skewed left with most of the values at 10.
 symmetric with most of the values at 4 and 16.
Remind students of the words used to describe shapes of distributions: symmetric, skewed, bellshaped, uniform, bimodal.
Student Facing

Use technology to create a dot plot that represents the distribution of the data, then describe the shape of the distribution.
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Find the mean and median of the data.

Find the mean and median of the data with 2 additional values included as described.

Add 2 values to the original data set that are greater than 14.

Add 2 values to the original data set that are less than 6.

Add 1 value that is greater than 14 and 1 value that is less than 6 to the original data set.

Add the two values, 50 and 100, to the original data set.


Share your work with your group. What do you notice is happening with the mean and median based on the additional values?

Change the values so that the distribution fits the description given to you by your teacher, then find the mean and median.

Find another group that created a distribution with a different description. Explain your work and listen to their explanation, then compare your measures of center.
Student Response
Student responses to this activity are available at one of our IM Certified Partners
Anticipated Misconceptions
Students may have difficulty using technology to create dot plots so you may need to demonstrate how to use the technology. Students may confuse mean and median. Ask them to refer to previous work in which they calculated each measure of center. After students input the additional values as directed, they may use the wrong \(n\) when calculating the new mean. Remind students to complete detailed calculations.
Activity Synthesis
The goal is to make sure that students understand that the median is the preferred measure of center when a distribution is skewed or if there are extreme values, and the the mean is the preferred measure of center when a distribution is symmetric and there are no extreme values. Here are some questions for discussion.
 “What do you notice and wonder about the mean and median for each of these distributions?” (I noticed that sometimes the median did not change and the mean did. I wondered what would happen if I added a value of 1,000 to the data set.)
 “For which distributions does it look like the mean best represents what is typical in the data?” (The symmetric distributions.)
 “When is the median a better statistic to describe typical values?” (The skewed distributions.)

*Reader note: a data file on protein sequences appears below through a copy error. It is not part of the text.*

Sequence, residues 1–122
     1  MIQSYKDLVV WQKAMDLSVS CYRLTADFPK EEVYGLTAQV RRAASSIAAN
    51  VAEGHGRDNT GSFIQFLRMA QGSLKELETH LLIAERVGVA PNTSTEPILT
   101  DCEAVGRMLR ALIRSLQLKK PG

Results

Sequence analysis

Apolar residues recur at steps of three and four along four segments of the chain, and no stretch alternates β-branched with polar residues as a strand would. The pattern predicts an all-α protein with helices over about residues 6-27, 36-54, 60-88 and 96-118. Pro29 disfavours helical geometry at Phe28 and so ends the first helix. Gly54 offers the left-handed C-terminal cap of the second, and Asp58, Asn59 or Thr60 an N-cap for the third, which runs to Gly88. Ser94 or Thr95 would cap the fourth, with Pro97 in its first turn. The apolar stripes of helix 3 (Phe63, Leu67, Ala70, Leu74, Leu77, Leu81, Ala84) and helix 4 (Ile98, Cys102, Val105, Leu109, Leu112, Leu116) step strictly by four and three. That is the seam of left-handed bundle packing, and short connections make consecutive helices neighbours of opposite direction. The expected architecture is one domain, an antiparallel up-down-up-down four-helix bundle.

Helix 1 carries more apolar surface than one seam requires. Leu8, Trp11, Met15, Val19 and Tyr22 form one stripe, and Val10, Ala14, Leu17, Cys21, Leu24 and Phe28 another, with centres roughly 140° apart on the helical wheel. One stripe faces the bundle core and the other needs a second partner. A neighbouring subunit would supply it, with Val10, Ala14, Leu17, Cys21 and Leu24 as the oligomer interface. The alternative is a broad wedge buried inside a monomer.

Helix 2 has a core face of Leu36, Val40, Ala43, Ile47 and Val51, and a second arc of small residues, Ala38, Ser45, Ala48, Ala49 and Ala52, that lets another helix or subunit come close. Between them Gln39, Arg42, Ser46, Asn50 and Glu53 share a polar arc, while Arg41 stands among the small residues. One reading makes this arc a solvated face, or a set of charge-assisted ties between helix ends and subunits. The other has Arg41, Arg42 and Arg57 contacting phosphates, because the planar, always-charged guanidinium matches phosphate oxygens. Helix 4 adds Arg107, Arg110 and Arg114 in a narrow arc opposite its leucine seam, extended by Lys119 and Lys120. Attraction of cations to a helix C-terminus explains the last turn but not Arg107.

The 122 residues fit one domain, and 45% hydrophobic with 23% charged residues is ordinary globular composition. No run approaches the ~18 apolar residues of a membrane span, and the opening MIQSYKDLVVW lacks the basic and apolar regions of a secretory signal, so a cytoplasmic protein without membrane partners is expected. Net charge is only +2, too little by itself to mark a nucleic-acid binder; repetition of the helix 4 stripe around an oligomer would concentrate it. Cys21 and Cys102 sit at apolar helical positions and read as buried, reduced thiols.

“Why is the median a better statistic for skewed distributions?” (When you add extreme values to a data set they tend to have a greater effect on the mean than the median.)
Supports accessibility for: Language; Socialemotional skills; Attention
10.3: Plots Matching Measures (10 minutes)
Activity
The mathematical purpose of this activity is to recognize the relationship between measures of center and the shape of the distribution by creating and describing distributions with given measures of center. Listen for students using the terms symmetric, uniform, and skewed. When students create a dot plot with a given mean and median using technology they are engaging in MP7 because they are using their understanding of the structure of the distribution to adjust individual data values to change the measures of center. Making a spreadsheet available gives students an opportunity to choose appropriate tools strategically (MP5).
Launch
Keep students in their groups.
Supports accessibility for: Language; Organization
Student Facing
Create a possible dot plot with at least 10 values for each of the conditions listed. Each dot plot must have at least 3 values that are different.
 a distribution that has both mean and median of 10
 a distribution that has both mean and median of 15
 a distribution that has a median of 2.5 and a mean greater than the median
 a distribution that has a median of 5 and a median greater than the mean
Student Response
Student responses to this activity are available at one of our IM Certified Partners
Student Facing
Are you ready for more?
The mean and the median are by far the most common measures of center for numerical data. There are other measures of center, though, that are sometimes used. For each measure of center, list some possible advantages and disadvantages. Be sure to consider how it is affected by extremes.

Interquartile mean: The mean of only those points between the first quartile and the third quartile.

Midhinge: The mean of the first quartile and the third quartile.

Midrange: The mean of the minimum and maximum value.

Trimean: The mean of the first quartile, the median, the median again, and the third quartile. So we are averaging four numbers as the median is counted twice.